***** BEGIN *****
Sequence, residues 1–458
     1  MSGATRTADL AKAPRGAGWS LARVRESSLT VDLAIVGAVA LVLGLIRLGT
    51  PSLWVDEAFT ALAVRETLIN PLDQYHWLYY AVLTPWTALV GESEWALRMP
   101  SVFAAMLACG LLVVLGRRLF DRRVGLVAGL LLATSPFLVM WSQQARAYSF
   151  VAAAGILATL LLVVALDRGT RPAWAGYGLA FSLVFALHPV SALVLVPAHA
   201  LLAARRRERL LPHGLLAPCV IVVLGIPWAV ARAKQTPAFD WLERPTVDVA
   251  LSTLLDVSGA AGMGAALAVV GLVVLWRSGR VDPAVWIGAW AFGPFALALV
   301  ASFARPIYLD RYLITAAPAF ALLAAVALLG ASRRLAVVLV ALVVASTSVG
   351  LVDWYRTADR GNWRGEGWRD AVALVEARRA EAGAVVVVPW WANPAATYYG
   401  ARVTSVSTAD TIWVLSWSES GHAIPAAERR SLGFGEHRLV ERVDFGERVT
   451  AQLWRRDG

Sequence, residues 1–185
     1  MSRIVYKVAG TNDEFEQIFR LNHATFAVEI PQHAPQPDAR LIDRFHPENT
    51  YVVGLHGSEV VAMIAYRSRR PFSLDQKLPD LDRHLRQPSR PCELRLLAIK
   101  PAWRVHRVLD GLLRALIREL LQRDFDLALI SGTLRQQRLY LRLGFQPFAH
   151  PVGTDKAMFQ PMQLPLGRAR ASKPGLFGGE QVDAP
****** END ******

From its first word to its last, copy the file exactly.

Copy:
Sequence, residues 1–458
     1  MSGATRTADL AKAPRGAGWS LARVRESSLT VDLAIVGAVA LVLGLIRLGT
    51  PSLWVDEAFT ALAVRETLIN PLDQYHWLYY AVLTPWTALV GESEWALRMP
   101  SVFAAMLACG LLVVLGRRLF DRRVGLVAGL LLATSPFLVM WSQQARAYSF
   151  VAAAGILATL LLVVALDRGT RPAWAGYGLA FSLVFALHPV SALVLVPAHA
   201  LLAARRRERL LPHGLLAPCV IVVLGIPWAV ARAKQTPAFD WLERPTVDVA
   251  LSTLLDVSGA AGMGAALAVV GLVVLWRSGR VDPAVWIGAW AFGPFALALV
   301  ASFARPIYLD RYLITAAPAF ALLAAVALLG ASRRLAVVLV ALVVASTSVG
   351  LVDWYRTADR GNWRGEGWRD AVALVEARRA EAGAVVVVPW WANPAATYYG
   401  ARVTSVSTAD TIWVLSWSES GHAIPAAERR SLGFGEHRLV ERVDFGERVT
   451  AQLWRRDG

Sequence, residues 1–185
     1  MSRIVYKVAG TNDEFEQIFR LNHATFAVEI PQHAPQPDAR LIDRFHPENT
    51  YVVGLHGSEV VAMIAYRSRR PFSLDQKLPD LDRHLRQPSR PCELRLLAIK
   101  PAWRVHRVLD GLLRALIREL LQRDFDLALI SGTLRQQRLY LRLGFQPFAH
   151  PVGTDKAMFQ PMQLPLGRAR ASKPGLFGGE QVDAP